It’s not a barbecue any longer, says James Fraser, partner and managing director of retail, Capital C. It’s now an outdoor gathering. Savvy retailers, he says, will merchandise the occasion as opposed to the meal. “While the burger and dog still exist, they will be served with linen napkins and outdoor faux china,” he says. “Consumers are willing to pay premiums for designer condiments and premade kebabs. Esthetics and presentation are as important as the meal itself.”

Be bold

Laura Litchfield, an administrator with the Hearth, Patio & Barbecue Association in Ontario, suggests retailers set up a complete barbecue with everything from furniture, shelters and lighting options to menu solutions to give consumers ideas and a visual experience. Litchfield also suggests providing recipes, in-store cooking demonstrations and taste tests to help draw in customers and move inventory.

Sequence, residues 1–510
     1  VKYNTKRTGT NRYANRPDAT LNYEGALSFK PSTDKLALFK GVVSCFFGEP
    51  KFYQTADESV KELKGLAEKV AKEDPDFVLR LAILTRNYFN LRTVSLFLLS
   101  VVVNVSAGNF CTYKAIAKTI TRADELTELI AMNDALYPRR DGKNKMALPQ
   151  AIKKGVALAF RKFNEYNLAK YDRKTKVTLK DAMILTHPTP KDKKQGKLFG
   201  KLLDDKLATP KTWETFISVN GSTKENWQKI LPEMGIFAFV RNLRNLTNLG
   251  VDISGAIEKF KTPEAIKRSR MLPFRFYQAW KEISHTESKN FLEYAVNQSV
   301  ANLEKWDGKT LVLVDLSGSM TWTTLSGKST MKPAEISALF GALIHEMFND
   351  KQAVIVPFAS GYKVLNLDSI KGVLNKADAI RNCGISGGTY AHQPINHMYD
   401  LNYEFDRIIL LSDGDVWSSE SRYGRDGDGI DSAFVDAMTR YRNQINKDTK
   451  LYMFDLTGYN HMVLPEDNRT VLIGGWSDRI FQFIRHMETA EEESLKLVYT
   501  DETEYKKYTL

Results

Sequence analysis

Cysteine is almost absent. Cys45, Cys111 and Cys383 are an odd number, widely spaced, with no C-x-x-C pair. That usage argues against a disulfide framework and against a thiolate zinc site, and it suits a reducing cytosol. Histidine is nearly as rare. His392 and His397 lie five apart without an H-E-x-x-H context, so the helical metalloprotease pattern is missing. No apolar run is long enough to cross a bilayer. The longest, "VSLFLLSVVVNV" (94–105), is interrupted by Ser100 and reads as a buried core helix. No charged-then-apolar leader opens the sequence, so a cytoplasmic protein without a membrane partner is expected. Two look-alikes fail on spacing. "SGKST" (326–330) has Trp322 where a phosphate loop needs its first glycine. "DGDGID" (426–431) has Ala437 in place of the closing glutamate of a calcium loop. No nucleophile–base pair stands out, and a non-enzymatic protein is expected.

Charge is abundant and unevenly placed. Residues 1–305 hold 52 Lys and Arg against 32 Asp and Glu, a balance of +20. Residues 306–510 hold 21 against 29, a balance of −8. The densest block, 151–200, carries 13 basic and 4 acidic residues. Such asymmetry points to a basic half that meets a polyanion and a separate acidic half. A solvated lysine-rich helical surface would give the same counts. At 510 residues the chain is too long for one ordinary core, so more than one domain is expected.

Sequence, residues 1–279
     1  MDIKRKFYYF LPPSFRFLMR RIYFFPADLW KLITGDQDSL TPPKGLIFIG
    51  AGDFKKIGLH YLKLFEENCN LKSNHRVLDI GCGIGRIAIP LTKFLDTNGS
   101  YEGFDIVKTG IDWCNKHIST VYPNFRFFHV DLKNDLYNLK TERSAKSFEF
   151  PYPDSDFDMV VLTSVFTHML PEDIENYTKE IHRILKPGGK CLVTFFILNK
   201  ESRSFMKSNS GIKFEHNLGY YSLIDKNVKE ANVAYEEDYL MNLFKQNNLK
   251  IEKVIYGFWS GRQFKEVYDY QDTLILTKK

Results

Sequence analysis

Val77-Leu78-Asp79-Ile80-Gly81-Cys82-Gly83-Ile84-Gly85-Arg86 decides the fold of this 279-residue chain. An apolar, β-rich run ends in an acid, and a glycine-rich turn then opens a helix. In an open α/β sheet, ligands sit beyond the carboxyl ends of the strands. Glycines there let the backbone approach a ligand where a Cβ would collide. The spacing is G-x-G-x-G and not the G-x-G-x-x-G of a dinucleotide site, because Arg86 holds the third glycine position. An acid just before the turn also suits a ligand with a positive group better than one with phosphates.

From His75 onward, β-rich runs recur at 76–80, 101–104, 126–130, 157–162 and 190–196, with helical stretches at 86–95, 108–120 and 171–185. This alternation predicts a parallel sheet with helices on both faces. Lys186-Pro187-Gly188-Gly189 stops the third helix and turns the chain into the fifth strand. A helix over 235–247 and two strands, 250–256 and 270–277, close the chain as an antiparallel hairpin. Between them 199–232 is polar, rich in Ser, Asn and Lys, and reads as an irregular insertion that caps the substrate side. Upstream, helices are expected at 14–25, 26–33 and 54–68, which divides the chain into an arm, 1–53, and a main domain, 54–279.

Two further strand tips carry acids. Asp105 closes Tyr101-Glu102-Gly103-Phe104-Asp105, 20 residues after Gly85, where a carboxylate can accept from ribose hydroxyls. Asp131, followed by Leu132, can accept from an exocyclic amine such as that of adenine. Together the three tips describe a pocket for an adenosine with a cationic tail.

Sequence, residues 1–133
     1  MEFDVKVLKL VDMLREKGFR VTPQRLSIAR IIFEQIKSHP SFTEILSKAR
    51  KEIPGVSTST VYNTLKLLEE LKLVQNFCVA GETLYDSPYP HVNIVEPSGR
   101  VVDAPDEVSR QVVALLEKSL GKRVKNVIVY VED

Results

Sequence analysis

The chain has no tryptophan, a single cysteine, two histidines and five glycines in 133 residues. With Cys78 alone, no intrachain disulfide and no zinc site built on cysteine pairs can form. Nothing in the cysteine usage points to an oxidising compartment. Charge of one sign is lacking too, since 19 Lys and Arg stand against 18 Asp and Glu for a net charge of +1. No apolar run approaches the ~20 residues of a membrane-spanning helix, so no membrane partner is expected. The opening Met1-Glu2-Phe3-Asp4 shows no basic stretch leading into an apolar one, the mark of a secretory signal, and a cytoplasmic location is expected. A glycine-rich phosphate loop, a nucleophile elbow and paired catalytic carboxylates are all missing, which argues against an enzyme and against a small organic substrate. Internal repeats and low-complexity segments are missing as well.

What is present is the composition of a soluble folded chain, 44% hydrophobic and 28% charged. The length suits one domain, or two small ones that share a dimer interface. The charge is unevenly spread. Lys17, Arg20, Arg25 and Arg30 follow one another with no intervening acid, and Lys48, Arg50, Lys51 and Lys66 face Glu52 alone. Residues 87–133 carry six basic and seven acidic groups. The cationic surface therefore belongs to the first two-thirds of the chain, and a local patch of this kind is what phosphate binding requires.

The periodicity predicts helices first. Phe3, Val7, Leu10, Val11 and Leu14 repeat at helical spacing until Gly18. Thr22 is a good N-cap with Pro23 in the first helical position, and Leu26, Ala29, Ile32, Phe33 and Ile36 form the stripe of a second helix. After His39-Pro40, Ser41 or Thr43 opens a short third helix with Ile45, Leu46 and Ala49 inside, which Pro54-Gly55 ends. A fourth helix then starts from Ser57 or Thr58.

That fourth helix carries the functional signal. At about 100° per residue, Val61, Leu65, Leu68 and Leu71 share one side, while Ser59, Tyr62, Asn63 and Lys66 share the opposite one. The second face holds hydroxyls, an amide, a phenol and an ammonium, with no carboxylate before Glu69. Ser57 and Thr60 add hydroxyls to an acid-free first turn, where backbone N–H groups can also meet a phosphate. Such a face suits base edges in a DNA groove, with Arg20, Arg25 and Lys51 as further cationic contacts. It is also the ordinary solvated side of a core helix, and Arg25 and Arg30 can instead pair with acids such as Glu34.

Link to promotions

Lots of manufacturers are offering promotions this summer, including McCormick’s 20th anniversary of La Grille. Colleen Douglas, category solutions team manager for the consumer products division at McCormick, says promotions for the anniversary include television, print and online campaigns, prepack promotional activity, special neckbanding and shelf point-of-sale to help retailers move its lines of shake-on seasonings, dry marinades, wet marinades, dry rubs and wet rubs. PepsiCo Foods Canada is launching a massive summer promotion called Lay’s Chip Trips. “On every bag of Lay’s, consumers will be able to collect and redeem points against thousands of attractions and hotel partners across Canada,” says Sheri Morgan, PepsiCo’s manager of communications and community relations.